Fourth-quarter special items included a $2.9 billion severance, pension and benefit charge for the voluntary separation plan, and $0.2 billion for other charges associated with environmental remediation programs and leasing operations partially offset by net gains from sales of investments.
Year-End Financial Results
For the year, operating revenues totaled $67.8 billion in 2003, a 0.7 percent increase from 2002 on a reported basis and a 1.6 percent increase on a comparable basis. Revenues, operating expenses and statistics described on a comparable basis exclude the effects of 1.27 million switched access lines that were sold during 2002. Applying consistent accounting treatment to directory revenues, Verizon's comparable revenues increased 1.7 percent in 2003, compared with 2002.
Reported 2003 earnings of $3.1 billion included net charges of $4.2 billion. These net charges include special gains of $0.5 billion related to accounting changes and the net proceeds from sales of investments. These gains were more than offset by charges, including $3.4 billion related to severance, pension and benefit costs; $0.9 billion related to Verizon's decision to sell its consolidated interest in Mexican wireless carrier Grupo Iusacell; and $0.4 billion in other special items.
Reported operating expenses were $60.3 billion in 2003.
Debt Reduction and Cash Flow Gains
Total debt decreased 14.8 percent to $45.4 billion at year-end 2003, compared with $53.3 billion at year-end 2002. Net debt was $44.7 billion at year-end 2003, compared with $51.8 billion at year-end 2002.
Net cash provided by operating activities was $22.5 billion in 2003, compared with $22.1 billion in 2002, and capital expenditures totaled $11.9 billion in 2003, compared with $13.1 billion in 2002. With $4.2 billion in dividends paid in both years, free cash flow was $6.4 billion in 2003, compared with $4.8 billion in 2002.
Verizon Wireless added nearly 1.5 million net subscribers in the fourth quarter and 5.0 million net subscribers for the year, the highest quarterly and annual net adds in the company's history. Customers totaled 37.5 million at year-end, up 15.5 percent over year-end 2002. In addition to its record net subscribers, Verizon Wireless sustained all-around strong performance for the quarter and for the year in revenue growth, profitability, record low churn and efficiency gains.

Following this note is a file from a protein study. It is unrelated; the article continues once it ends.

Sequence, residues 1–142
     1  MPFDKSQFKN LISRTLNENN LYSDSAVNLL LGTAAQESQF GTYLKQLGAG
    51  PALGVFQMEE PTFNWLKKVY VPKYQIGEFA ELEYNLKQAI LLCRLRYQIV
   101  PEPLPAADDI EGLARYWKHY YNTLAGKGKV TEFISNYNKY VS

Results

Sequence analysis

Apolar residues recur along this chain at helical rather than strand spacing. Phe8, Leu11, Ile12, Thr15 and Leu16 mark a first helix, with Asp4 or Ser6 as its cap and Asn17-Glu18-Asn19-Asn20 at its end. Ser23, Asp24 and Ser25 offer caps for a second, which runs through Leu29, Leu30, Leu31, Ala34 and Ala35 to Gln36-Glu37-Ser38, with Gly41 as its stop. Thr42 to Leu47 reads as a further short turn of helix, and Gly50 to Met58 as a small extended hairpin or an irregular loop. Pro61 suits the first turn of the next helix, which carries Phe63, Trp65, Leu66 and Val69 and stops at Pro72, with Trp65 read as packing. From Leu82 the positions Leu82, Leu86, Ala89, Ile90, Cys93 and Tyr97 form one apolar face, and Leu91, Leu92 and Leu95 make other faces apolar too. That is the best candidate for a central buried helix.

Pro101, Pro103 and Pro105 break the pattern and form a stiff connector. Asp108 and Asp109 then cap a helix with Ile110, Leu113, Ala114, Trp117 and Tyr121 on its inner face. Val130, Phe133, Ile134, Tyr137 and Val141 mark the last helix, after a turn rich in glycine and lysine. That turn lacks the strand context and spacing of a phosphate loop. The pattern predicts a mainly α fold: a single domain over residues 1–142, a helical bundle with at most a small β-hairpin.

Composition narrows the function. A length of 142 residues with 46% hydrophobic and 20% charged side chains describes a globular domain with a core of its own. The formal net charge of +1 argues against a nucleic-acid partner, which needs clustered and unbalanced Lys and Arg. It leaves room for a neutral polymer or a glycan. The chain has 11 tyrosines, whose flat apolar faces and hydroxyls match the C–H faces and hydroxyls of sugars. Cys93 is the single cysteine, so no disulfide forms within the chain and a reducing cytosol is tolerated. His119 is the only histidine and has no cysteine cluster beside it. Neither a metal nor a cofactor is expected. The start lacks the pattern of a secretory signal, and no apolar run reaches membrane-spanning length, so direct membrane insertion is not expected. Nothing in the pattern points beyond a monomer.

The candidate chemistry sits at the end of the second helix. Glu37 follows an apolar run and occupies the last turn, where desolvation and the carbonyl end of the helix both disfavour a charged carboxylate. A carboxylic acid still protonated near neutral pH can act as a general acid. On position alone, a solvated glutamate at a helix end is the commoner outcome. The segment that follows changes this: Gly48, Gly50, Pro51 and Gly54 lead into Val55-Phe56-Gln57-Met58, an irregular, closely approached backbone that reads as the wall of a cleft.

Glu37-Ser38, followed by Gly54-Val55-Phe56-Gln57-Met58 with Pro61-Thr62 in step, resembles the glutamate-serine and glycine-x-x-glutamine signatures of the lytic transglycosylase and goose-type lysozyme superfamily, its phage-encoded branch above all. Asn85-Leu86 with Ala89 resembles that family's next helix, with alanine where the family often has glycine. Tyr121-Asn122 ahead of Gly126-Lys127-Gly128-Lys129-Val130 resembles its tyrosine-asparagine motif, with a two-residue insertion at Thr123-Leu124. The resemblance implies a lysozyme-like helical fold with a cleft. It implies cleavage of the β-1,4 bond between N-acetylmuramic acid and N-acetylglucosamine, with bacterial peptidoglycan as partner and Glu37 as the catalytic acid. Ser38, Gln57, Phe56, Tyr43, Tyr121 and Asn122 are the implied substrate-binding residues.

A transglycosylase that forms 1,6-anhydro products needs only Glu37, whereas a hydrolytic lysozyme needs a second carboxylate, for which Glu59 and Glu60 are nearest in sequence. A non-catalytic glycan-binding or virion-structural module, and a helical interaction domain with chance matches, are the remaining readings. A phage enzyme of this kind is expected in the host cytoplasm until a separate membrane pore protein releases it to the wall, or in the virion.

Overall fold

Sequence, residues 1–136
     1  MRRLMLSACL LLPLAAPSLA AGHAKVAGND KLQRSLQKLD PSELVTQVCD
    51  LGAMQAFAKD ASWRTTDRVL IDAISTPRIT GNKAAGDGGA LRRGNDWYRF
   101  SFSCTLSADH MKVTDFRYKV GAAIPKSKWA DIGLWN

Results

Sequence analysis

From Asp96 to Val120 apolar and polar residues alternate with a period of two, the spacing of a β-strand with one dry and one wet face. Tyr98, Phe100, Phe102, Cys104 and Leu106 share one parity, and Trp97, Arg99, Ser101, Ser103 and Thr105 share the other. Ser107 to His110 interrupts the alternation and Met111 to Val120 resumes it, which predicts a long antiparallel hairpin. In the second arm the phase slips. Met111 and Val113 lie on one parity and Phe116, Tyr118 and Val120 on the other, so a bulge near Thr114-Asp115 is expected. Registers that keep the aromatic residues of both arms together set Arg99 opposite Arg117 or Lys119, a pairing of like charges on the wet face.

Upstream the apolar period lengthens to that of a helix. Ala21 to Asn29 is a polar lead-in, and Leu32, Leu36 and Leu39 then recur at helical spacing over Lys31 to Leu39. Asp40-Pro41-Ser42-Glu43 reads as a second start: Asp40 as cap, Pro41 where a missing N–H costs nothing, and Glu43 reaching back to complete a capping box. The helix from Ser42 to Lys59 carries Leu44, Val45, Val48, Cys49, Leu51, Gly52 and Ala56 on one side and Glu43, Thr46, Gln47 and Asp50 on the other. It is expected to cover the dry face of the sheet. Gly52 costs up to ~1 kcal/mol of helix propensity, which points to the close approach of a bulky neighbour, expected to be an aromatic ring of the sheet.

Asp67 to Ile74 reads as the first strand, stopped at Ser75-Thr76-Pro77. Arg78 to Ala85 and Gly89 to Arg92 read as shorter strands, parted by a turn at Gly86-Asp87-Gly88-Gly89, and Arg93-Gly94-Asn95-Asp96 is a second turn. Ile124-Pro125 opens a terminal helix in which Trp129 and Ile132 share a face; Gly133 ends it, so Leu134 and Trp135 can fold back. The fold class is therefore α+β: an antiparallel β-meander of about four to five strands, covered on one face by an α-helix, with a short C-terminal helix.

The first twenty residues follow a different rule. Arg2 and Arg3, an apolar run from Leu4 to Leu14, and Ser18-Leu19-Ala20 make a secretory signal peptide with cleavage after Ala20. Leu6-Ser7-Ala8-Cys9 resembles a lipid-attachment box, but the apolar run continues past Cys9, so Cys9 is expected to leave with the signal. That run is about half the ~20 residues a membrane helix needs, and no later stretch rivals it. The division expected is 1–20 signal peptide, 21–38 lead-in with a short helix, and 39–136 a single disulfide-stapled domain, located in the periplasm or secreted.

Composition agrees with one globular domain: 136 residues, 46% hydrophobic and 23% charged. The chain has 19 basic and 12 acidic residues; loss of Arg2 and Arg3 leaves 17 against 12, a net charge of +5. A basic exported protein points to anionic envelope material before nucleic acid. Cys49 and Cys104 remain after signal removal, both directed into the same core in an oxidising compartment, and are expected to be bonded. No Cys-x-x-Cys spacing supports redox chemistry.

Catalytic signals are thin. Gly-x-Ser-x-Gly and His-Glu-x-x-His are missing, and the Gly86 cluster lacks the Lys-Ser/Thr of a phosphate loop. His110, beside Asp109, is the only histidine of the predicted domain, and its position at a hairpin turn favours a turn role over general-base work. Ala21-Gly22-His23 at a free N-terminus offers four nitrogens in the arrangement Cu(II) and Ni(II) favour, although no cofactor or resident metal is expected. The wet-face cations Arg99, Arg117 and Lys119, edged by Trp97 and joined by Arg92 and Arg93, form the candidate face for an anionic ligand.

Verizon's revenue from interLATA long-distance services totaled more than $2 billion in 2003, as the company added a net of 736,000 long-distance lines in the fourth quarter 2003. Verizon ended the year with more than 16.6 million long-distance lines -- a net gain of about 4.2 million lines, or 33.3 percent, compared with the 12.5 million lines in service at year-end 2002.
Verizon also added a net of 203,000 DSL lines in the fourth quarter 2003, the company's largest quarterly gain in DSL lines in two years. Verizon ended the year with more than 2.3 million DSL lines, representing a net of 649,000 additional DSL lines since year-end 2002, a growth rate of 38.9 percent.
In the fourth quarter, Verizon continued to roll out Verizon Freedom plans, which help retain and win back customers by offering local services with various combinations of long-distance, wireless and Internet access in a discounted bundle available on one bill. In 2003, the company launched Verizon Freedom plans in 17 consumer markets, covering more than 85 percent of the company's consumer access-line base, and in eight business markets, covering more than 69 percent of the company's business access-line base.
As of year-end, Verizon had entered into nearly 1,200 contracts with large business customers for Enterprise Advance services.
Further details about Verizon's 2004 financial and operational outlook will be announced in a news release later today.
Business Segment Highlights
Following are fourth-quarter and year-end 2003 highlights from Verizon's four business segments.
(Note: Current and prior periods exclude the effects of access lines sold in 2002.)
- Operating revenues for all long-distance services increased 29.5 percent to $1.0 billion in the fourth quarter 2003, compared with $0.8 billion in the fourth quarter 2002. For the year, these revenues increased 19.5 percent to $3.8 billion in 2003, compared with $3.2 billion in 2002. Revenues in this category include intraLATA toll as well as interLATA long-distance.
- Approximately 41 percent of Verizon's local wireline customers have chosen Verizon as their long-distance carrier.
- As of year-end, approximately 48 percent of Verizon residential customers have purchased local services in combination with either Verizon long-distance or Verizon DSL, or both.